COLUMBIA RIVER GORGE – Firefighters from around the Gorge were honored for their service during the Eagle Creek Fire at a ceremony in Stevenson, WA today.
The fire, which was sparked by a teenager lighting fireworks last September, burned more than 48,000 acres. Burning the beauty cherished by so many visitors from Portland and around the world.
“It was charred, it was burnt quite literally,” Alec Mancino of Portland said, as he enjoyed a fall hike at Multnomah Falls with his girlfriend and dog. “It [was] almost depressing in a sense that you couldn’t come here and visit something I make an act to do at least once a year.”
The Multnomah Falls Lodge Visitor Center and the iconic Benson Bridge have since been reopened, but many roads and trails nearby remain closed for restoration and repairs.
With thousands of acres left with fire-scarred trees, the aftermath is a symbol of the challenge firefighters faced.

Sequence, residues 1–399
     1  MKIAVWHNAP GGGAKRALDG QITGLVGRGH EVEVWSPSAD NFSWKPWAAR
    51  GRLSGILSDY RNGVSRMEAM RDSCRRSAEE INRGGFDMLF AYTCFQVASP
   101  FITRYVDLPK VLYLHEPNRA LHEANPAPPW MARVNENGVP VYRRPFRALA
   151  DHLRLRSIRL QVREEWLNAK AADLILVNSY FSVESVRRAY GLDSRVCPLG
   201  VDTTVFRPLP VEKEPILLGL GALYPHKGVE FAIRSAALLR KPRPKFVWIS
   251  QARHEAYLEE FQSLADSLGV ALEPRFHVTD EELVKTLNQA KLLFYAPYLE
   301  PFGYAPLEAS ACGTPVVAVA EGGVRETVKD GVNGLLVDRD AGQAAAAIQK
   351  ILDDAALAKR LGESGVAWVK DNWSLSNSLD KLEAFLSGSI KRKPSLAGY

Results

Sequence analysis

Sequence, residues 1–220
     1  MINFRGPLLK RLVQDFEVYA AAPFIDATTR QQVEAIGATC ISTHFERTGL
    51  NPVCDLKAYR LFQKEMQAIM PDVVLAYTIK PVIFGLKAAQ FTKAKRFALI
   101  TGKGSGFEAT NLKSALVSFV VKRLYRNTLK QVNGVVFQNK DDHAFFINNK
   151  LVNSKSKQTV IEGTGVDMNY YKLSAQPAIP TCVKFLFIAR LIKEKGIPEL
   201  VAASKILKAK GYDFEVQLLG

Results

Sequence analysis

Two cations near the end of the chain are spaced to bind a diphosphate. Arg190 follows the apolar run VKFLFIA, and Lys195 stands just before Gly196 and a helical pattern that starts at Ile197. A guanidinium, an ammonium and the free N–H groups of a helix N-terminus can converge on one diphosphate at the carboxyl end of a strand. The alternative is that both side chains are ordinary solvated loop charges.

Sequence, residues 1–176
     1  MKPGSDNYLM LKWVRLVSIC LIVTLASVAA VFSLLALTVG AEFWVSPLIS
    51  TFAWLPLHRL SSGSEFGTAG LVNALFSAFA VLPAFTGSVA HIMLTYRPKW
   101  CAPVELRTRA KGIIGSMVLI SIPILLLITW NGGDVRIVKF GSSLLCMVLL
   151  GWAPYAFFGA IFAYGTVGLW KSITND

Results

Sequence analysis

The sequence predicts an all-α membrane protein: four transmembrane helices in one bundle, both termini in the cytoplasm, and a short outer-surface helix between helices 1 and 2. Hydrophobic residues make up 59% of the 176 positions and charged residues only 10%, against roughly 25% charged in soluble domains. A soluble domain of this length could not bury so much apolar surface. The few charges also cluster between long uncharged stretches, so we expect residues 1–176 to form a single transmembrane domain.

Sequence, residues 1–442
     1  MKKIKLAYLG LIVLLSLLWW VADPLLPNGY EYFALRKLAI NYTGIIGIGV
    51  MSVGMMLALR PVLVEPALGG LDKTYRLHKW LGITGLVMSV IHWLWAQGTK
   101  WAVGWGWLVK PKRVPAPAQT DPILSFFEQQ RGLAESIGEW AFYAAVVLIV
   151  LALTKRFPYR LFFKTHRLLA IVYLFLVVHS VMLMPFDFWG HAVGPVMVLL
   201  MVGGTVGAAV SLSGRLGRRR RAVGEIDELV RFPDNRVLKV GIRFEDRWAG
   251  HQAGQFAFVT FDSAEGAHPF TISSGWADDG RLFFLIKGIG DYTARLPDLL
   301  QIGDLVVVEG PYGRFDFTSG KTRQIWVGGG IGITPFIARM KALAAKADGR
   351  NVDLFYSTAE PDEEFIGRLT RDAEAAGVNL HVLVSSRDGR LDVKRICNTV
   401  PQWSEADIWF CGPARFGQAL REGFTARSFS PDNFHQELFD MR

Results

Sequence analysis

“None of us have ever been through anything this big before,” Cascade Locks Fire Chief Jessica Bennett said.
Bennett said her department responded to the very first 911 call that reported the fire.
On Saturday, just over 1 year later, firefighters from Cascade Locks and other departments from around the area were honored for their service at the Columbia Gorge Interpretive Center Museum.
“This is just kind of a way of inviting the local community to come and say thank you,” organizer Robert Peterson said.
Bennett said the fire left behind a better awareness as to how many people it can take to respond to emergencies.
“Its really opened the community’s eyes to what we do, and how shorthanded we really are,” Bennett said.
Meantime, back across the river at the falls, eyes were focused on the ferocious flow. Some who visit here may not even know about the fire and the toll it took on emergency responders. But, as our FOX 12 crew learned just by asking around the lower viewing platform, many certainly do.
“I think I can speak for all of Oregon, we appreciate everything you did, every single day,” Mancino said. “So people like me, and fellow civilians can come here with their families and their dogs and see this and be a part of it.”
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